A quick update today on some of my recent investment ideas. Good news on the Ranger front where a proper debate about what to do with this direct lending fund seems to be underway. Last week major shareholder Oaktree decided to open up with its views about what the fund should do next – namely wind down. Spot on. The board shot back its rebuttal which sounded less like a spirited defense and more like a holding statement before announcing its strategic review. For me, there is no argument. Either wind down the fund over the next 18 months and maybe build up a few side pockets that can be given back to investors immediately – or give the fund to new managers. Either way, the fund as it currently exists can’t carry on. The share price bobbed back over 800p a share and I must admit I sold out my holding, after collecting the last quarterly dividend of just over 2.5%. I regard a 15% uplift in the space of just four months (I purchased at 720p) as more than enough. I don’t doubt there will be more upside, but for now, I’m happy to take my profits.
It’s also nice to see the share price of infrastructure fund HICL tick up 8.5% over the last few weeks. Unfortunately, I wouldn’t get too carried away with this buoyancy. The main drag on performance hasn’t been anything operational – the fund is fairly conservatively managed. Rather confidence has been sapped by policy risks and the Labour Party. I’d humbly suggest that this isn’t going away and in fact is likely to intensify. Labour will do well in London and we’re fast approaching the point on Brexit at which everything muddles through or we hit a real crisis. I hope we muddle through (still my 60% probability) but I still think there’s lots of potential for real fireworks. If that does happen, Labour could suddenly surge again, and we’d see the infrastructure funds sag back again. We’ve already had a hint of this with the aborted Gravis Diversified Infrastructure fund which was pulled week before last. I had my own doubts about the appetite for this fund, so wasn’t surprised, and I think it speak volumes to the underlying worries about infrastructure as an asset class. I still think the share price will hit a low of around 125p to 130p, so, for now, I’m happy to sit on the sidelines and watch.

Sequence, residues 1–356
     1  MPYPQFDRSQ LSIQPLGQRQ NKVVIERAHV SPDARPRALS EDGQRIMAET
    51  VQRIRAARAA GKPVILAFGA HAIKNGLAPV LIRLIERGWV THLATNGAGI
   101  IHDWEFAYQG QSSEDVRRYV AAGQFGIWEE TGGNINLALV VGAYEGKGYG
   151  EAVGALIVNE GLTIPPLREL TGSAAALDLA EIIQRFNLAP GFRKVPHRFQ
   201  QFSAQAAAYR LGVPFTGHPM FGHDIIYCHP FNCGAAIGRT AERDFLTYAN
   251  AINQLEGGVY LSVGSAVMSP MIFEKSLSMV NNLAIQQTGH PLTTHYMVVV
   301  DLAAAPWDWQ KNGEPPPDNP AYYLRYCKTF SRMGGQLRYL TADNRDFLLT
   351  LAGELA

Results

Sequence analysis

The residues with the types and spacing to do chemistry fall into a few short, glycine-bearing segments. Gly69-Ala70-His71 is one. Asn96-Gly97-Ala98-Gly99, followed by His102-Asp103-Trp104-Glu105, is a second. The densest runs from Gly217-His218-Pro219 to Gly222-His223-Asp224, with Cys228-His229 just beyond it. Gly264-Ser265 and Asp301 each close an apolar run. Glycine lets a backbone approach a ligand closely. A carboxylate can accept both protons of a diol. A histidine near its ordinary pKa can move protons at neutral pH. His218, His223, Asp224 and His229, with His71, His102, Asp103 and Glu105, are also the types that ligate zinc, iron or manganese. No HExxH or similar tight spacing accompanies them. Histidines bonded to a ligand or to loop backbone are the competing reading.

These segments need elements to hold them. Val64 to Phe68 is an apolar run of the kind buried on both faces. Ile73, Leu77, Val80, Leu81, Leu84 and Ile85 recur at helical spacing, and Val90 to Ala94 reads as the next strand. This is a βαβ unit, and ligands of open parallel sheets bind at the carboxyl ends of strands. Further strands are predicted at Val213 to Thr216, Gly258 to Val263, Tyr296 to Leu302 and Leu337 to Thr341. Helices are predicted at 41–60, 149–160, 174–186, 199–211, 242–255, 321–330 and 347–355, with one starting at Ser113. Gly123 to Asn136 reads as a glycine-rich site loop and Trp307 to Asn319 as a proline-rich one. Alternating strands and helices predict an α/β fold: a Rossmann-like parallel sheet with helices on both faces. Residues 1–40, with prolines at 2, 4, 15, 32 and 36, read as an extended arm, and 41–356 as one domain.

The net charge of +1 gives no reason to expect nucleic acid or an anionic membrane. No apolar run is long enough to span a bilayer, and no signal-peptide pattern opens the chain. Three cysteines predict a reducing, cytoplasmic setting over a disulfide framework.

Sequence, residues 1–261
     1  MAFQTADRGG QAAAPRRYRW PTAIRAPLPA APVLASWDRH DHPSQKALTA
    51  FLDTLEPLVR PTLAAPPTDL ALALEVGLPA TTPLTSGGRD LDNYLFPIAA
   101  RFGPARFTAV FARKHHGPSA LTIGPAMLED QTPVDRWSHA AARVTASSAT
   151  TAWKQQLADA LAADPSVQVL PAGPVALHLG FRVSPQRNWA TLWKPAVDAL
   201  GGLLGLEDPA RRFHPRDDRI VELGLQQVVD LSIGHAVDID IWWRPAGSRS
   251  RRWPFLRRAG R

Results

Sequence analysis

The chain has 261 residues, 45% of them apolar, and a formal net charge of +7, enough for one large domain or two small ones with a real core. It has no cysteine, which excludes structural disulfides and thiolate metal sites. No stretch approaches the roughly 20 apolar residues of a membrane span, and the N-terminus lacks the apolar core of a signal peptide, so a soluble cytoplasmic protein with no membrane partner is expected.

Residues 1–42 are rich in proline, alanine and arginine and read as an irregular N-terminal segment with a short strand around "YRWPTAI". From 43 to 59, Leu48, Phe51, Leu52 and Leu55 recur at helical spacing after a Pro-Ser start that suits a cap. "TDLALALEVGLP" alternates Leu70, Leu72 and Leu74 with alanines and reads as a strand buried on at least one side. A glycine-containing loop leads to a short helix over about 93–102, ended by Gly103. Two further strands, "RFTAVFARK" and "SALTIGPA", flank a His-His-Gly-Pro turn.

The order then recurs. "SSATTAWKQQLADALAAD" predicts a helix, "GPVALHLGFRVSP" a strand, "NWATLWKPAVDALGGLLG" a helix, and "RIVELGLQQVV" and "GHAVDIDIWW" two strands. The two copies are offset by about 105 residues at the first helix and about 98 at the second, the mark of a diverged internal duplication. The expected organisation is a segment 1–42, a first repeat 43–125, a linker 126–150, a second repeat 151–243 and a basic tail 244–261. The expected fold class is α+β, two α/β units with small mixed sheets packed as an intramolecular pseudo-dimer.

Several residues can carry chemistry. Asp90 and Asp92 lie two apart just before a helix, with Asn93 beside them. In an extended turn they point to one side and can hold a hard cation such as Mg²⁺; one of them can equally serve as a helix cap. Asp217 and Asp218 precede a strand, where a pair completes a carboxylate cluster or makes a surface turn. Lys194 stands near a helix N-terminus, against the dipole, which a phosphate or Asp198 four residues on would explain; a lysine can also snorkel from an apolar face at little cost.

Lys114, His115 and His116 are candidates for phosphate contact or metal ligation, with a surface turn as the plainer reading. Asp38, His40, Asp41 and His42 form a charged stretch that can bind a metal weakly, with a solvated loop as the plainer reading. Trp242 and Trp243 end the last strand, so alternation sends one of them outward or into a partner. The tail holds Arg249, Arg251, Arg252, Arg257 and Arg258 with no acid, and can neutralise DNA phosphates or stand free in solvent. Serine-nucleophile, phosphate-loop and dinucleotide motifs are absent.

On a more positive note, Empiric Student Property brought out some more than half decent numbers and its recovery plan seems to be on track. I’m still bullish on this stock although I’d prefer to buy in on any weakness, with the share price closer to 80p.
Last but by no means least, I find myself watching the gold price. I am very far from being a gold bull – I tend to share Buffett’s dismissive view of the precious metal – but I think we might be close to a turning point. The chart below from Sharepad is for 1-year price returns and we can see a steady upwards trading range of $1220 to $1360 an ounce. I don’t think there’s any imminent break out here but I would make three simple observations.
The first is that the gold price hasn’t been enormously volatile over the last few years. Many investors, me included, have tended to shy away from this supposed ‘alternative to fiat money’ because the price has been much too volatile. Call me old-fashioned but if you’re after a safe harbor asset, a relatively stable price is a necessity. By comparison, the chart below shows the spot price for Ethereum, the Number 2 cryptocurrency. To say that this modern alternative to money fiat is a tad volatile is the understatement of the century.
The next obvious statement is that there has to be a decent chance the dollar will weaken. Traditionally that’s been a positive signal for gold prices – oil prices have also firmed substantially, another potential tailwind.
Last but by no means least, echoing a blog from last week, we must be close to the peak of the current bullish cycle. Maybe we have another 12 to 18 months left. I hope we do. But the odds are a sharp slowdown must be growing by the month. If that happens, we’ll see an increase in volatility and we could also see a flight to gold – although investors might also buy the dollar which could complicate matters considerably.
Nevertheless, on the balance of probabilities, I think it’s fair to suggest that gold might be about to benefit from some strong tailwinds over the next year or so. I wouldn’t be a buyer at prices much over $1300 an ounce but the shiny metal is now – at the very least – on my watchlist.